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Showing 5 results for Azadfallah

Bita Bemani Yazdi, Parviz Azadfallah, Fariborz Bagheri,
Volume 3, Issue 3 (11-2009)

This study attempts to investigate the effect of emotional experiences on cardiovascular reactions and facial electromyogram (EMG) among the subjects classified as type D personality. To do so, in the first stage, according to the extreme scores in DS14 questionnaire, two groups including high type D personality and low type D personality participants (each with 15Ss) were selected among 405 female students of the Islamic Azad University. In the second stage, electrodes were put on the selected participants’ faces and hands and then the baseline measures of the variables of EMG, PULSE and BVP were first recorded and then the measures of these variables were recorded during two negative and positive emotional states caused by sad and happy music, for 150 seconds. The findings showed that the participants with high type D personality had a higher activity in the corrugator muscle in the negative emotional state and the participants with low type D personality had a higher activity in the zeugmatic muscle in the positive emotional state. There were also no significant differences between the cardiovascular reactivity in these two groups with different states. Based on the findings of this study, it can be concluded that type D personality is an important risk factor that increases the experience of negative emotions. Furthermore, inhibition of the negative emotional expression may lead to adverse health outcomes. So, considering type D personality as a risk factor for the physical health is recommended.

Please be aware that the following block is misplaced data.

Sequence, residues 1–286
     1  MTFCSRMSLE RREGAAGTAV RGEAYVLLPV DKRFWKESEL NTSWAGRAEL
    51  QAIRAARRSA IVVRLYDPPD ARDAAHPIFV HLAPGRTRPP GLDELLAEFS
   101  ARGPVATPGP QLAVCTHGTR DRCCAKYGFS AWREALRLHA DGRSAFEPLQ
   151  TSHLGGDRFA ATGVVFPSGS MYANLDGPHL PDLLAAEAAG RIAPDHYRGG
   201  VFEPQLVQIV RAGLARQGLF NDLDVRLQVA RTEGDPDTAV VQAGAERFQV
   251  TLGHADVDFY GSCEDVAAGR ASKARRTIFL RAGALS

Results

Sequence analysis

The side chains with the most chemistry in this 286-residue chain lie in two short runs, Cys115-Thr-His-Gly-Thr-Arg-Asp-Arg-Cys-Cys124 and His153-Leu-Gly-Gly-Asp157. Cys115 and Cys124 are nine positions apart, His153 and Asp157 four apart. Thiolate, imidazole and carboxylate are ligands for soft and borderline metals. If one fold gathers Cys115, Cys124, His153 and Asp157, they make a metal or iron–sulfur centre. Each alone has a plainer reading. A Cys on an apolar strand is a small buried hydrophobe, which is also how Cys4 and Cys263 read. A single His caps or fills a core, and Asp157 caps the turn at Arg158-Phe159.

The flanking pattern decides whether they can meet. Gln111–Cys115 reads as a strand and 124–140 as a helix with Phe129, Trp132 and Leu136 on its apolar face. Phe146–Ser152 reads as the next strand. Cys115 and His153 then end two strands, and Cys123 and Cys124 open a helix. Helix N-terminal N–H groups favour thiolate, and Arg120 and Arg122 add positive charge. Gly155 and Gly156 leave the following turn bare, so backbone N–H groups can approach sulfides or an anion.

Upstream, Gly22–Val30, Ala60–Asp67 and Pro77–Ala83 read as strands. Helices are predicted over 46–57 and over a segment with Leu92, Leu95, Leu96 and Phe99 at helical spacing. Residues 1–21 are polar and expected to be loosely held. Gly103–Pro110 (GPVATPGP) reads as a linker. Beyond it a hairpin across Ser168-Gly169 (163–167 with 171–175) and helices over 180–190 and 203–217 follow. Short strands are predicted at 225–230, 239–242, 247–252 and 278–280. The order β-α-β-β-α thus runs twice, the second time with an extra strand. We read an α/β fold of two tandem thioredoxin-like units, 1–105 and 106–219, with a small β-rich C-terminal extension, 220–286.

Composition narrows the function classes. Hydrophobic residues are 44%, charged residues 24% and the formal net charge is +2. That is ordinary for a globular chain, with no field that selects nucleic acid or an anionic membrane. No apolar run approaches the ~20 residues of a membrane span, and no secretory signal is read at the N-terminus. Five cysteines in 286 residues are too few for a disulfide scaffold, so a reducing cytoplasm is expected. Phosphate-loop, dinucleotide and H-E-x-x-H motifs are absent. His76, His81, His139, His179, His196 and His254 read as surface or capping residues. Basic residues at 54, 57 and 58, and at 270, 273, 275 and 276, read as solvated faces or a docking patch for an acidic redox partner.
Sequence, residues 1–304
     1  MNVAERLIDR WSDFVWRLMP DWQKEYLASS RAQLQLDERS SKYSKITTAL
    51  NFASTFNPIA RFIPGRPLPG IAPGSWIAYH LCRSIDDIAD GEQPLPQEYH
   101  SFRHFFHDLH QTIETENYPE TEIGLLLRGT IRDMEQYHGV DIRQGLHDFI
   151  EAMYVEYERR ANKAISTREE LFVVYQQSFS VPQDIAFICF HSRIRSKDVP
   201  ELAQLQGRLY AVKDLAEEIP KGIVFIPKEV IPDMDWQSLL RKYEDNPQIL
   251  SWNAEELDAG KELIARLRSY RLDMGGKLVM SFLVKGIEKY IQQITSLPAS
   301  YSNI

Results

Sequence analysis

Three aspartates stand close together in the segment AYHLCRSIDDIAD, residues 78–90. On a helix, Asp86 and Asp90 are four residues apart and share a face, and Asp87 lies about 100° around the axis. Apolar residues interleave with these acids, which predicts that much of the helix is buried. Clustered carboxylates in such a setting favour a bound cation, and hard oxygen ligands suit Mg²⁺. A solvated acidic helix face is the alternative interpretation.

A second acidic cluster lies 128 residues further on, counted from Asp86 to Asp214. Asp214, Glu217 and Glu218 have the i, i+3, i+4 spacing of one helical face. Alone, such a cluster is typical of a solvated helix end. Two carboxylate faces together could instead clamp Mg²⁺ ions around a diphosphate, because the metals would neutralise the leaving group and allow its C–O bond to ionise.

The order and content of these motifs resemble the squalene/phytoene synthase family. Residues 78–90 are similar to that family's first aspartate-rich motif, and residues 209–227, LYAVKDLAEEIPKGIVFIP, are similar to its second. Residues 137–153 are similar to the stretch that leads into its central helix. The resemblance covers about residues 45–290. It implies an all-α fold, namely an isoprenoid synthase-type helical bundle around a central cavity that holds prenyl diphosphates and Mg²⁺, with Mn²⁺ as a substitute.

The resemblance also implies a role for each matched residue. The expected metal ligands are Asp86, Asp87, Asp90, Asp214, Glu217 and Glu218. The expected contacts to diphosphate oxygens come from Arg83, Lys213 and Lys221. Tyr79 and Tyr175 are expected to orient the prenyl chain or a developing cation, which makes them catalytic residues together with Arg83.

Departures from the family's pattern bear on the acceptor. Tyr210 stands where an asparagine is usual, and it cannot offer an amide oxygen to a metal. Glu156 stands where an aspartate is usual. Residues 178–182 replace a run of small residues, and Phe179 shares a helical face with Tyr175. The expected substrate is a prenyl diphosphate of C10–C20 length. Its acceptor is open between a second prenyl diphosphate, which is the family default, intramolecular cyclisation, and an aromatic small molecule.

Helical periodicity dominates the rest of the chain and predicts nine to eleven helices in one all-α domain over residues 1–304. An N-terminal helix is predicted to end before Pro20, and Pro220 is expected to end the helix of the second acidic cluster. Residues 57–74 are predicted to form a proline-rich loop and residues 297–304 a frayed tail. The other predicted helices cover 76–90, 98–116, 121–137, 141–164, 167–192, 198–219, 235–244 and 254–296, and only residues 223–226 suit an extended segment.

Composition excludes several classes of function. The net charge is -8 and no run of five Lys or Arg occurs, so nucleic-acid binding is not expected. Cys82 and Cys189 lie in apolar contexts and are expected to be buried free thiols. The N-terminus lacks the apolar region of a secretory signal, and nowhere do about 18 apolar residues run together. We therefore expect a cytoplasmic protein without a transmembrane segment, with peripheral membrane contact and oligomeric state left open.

Parirokh Dadsetan, Maryam Tehranizadeh, Kazem Rasolzadeh Tabatabaye, Parviz Azadfallah, Ali Fathi- Ashtiany,
Volume 3, Issue 3 (11-2009)

The purpose of the present study was to investigate the effectiveness of coping cat protocol on the coping strategies of children, aged 9 to 11 years old, afflicted with internalized disorder. This study was a true experimental research including pretest, posttest and a control group. The population of the study was all the children afflicted with internalized disorder in Tehran, Iran, and the sample of the study consisted of 80 children (40 children in the experimental group and 40 children in the control group) who were randomly selected based on the parents and teacher’s reports and interviews and the subjects received 16 sessions of coping cat program. Child  Behavior check list(CBCL) , Teacher Report Form(TRF) of Achenbach system of Empirically Based Assessment(Achenbach & Rescorla, 2001), clinical  Diagnosis Interview and Frydenberg & Luise’s(1992) coping strategies Questionnaire were  used to evaluate the two groups before and after receiving treatment protocol. The factorial analysis of covariance revealed that there was significant difference between experimental and control groups in terms of adjusted, unadjusted and solicitous coping strategies after posttest stage and gender factor did not moderate the outcomes.
Vida Hashemi, Parviz Azadfallah, Ali Fathi Ashtiani, Abbasali Allahyari,
Volume 4, Issue 2 (3-2011)

Recently, the study of cognitive processes in impulsive individuals has attracted the researchers’ attention. Considering impulsivity as a multidimensional construct, this study was performed to compare cognitive processing speed in 80 female college students who, on the basis of their scores on UPPS Impulsivity Scale (Whiteside & Lynam, 2001), were divided into four groups (n=20 for each) which were dominant in one of the impulsivity components (i.e. Urgency, Lack of Premeditation, Lack of Perseverance, Sensation seeking). Reaction time task was administered on all participants in two positive and negative mood contexts (which was induced by music). Results revealed a significant difference between the functioning of Urgency group and two other groups (Lack of Premeditation & Lack of Perseverance) in negative mood context. There were no significant differences between four groups’ functioning in positive mood context. The role of impulsivity dimensions and mood context on cognitive processing speed was discussed. In general the findings of present research emphasize the multidimensional concept of impulsivity & provide new guides to study lateralized cognitive processes according to personality constructs.